2. The Calcutta Chromosome – Amitav Ghosh


‘… to know something is to change it, therefore in knowing something, you’ve already changed what you think you know so you don’t really know it at all; you only know it’s history.”

If you want to read an engaging, but refreshingly bizarre sci-fi thriller, you should definitely get your hands on Amitav Ghosh’s 1996 novel, ‘The Calcutta Chromosome – a novel of fevers, delirium and discovery’. The novel moves in a frenzied time loop, hopping from a futuristic Manhattan to 1995’s Calcutta to the Victorian years preceding Sir Ronald Ross’ discovery of the Malarial parasite in the early 1900s. This is unlike anything Ghosh has written; a mash of Western medicine, Indian tantric practices, mosquitoes, modern science, immortality and the transference of souls – all in all, a very enjoyable read!

Antar is an Egyptian data-analyst in Manhattan, whose computer, the AVA/ IIe is his only companion. A widower, due-to-retire, he stumbles upon the damaged ID card of an ex-colleague, L. Murugan (Morgan), who went missing several years ago. Ghosh, then, takes us through the winding lanes of Calcutta, as we follow an obsessed Murugan on his quest to find the truth about Ronald Ross and his discovery of a cure for Malaria, which, Murugan believes wasn’t his at all! Ghosh introduces the idea of a secret cult of ancient Indian practitioners of medicine, who plant ideas in Ross’ head, using his findings to further their own experiments on immortality.

The Calcutta Chromosome is peppered with confusing sub-plots, blink-and-miss characters and a ton of unanswered questions! You have to pay attention! Ghosh takes a historical event and packs it with magic realism, mysticism and mystery. With a story so layered, it’s difficult to sum it up in one review. You HAVE to read it to know. It has fiery female characters, a demi-goddess, elements of the supernatural and blood sacrifices; in the words of Murugan, this book is the “whole f**cking paratha”!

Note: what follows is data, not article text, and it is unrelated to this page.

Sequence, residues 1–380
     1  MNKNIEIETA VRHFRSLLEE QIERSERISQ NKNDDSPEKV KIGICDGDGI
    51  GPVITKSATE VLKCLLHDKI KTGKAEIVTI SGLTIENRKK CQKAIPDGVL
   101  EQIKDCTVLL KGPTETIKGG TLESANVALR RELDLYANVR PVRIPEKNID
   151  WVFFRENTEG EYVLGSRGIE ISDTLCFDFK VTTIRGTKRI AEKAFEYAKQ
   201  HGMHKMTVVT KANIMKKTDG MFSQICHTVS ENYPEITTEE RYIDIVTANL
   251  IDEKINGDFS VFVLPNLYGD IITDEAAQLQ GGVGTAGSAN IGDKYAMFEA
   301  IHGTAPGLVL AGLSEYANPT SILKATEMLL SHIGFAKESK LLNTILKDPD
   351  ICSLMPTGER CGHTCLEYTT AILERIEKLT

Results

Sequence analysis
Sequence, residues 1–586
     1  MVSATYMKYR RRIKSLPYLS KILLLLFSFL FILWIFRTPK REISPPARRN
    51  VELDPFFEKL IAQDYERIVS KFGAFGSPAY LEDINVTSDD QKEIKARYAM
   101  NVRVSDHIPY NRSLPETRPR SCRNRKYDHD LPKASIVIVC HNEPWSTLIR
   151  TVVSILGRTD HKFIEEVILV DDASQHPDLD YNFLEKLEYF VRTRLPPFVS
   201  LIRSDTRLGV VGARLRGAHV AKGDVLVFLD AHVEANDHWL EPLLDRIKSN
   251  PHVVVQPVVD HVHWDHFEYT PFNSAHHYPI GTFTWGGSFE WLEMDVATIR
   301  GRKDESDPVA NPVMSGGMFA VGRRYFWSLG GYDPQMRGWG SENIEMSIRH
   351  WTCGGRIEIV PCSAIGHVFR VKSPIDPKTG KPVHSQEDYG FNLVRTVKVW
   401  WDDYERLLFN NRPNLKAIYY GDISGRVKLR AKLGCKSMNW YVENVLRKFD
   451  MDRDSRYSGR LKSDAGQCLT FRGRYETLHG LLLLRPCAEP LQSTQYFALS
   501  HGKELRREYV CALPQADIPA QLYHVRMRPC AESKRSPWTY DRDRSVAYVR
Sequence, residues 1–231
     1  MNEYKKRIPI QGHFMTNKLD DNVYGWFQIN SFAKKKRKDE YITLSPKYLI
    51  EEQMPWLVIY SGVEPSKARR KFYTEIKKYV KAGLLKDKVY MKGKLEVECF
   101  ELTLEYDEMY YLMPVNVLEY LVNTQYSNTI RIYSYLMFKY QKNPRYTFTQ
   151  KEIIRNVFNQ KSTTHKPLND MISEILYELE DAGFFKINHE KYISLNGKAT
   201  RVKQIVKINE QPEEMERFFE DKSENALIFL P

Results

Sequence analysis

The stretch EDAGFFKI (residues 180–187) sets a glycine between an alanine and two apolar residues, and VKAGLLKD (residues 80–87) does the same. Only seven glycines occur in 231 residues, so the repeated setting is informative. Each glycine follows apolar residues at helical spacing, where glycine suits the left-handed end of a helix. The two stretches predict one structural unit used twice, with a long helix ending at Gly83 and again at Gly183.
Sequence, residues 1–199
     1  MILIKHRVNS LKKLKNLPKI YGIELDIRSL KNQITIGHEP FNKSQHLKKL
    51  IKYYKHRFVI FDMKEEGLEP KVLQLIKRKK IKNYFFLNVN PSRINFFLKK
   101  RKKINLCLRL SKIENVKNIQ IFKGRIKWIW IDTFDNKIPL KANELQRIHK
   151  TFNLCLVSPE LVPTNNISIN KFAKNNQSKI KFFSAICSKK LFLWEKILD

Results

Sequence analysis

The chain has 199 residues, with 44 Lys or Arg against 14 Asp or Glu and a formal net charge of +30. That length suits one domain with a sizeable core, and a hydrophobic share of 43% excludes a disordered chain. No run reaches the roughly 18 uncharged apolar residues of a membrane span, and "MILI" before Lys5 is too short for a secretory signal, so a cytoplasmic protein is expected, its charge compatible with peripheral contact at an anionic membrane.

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1. Exit West by Mohsin Hamid


‘But that is the way of things, with cities as with life, for one moment we are pottering about our errands as usual and the next we are dying, and our eternally impending ending does not put a stop to our transient beginnings and middles until the instant when it does.’ Mohsin Hamid’s 2017 novel, Exit West, is a comment on the refugee crises, examining the very strained dichotomy of beginnings and endings; on the freedom to travel versus being forced to get away. Devoid of the gruesome aspects of migration, the book is as powerful as life itself.

Exit West is the story of Saeed and Nadia, who meet in an unknown war-torn city, fall in love and are forced to leave home through black doors that suddenly begin appearing – gateways that connect countries around the world. Some of the doors are heavily manned, while others lay ignored. As tensions mount, Saeed and Nadia step through one of these doors, leaving life as they know it, behind. Hamid uses the relationship between his protagonists to highlight the mental, emotional and physical impact, war and migration can have on human beings who are torn from their homelands.

It isn’t just the story that hits the reader; Hamid’s use of language is haunting. Reflecting on death, especially in countries riddled with conflict, he says, “… because life and its end are unpredictable, especially at a distance, where death seems to operate with such whimsical aim.” Constantly on the move, Nadia and Saeed’s relationship begins to unravel, each of them growing into different individuals for whom the meaning of life changes as their paths diverge. ‘… for the end of a couple is like a death,’, he writes, ‘and the notion of death, of temporariness, can remind us of the value of things…’ Hamid’s story is real, rife with heartbreak and hope and everything in between.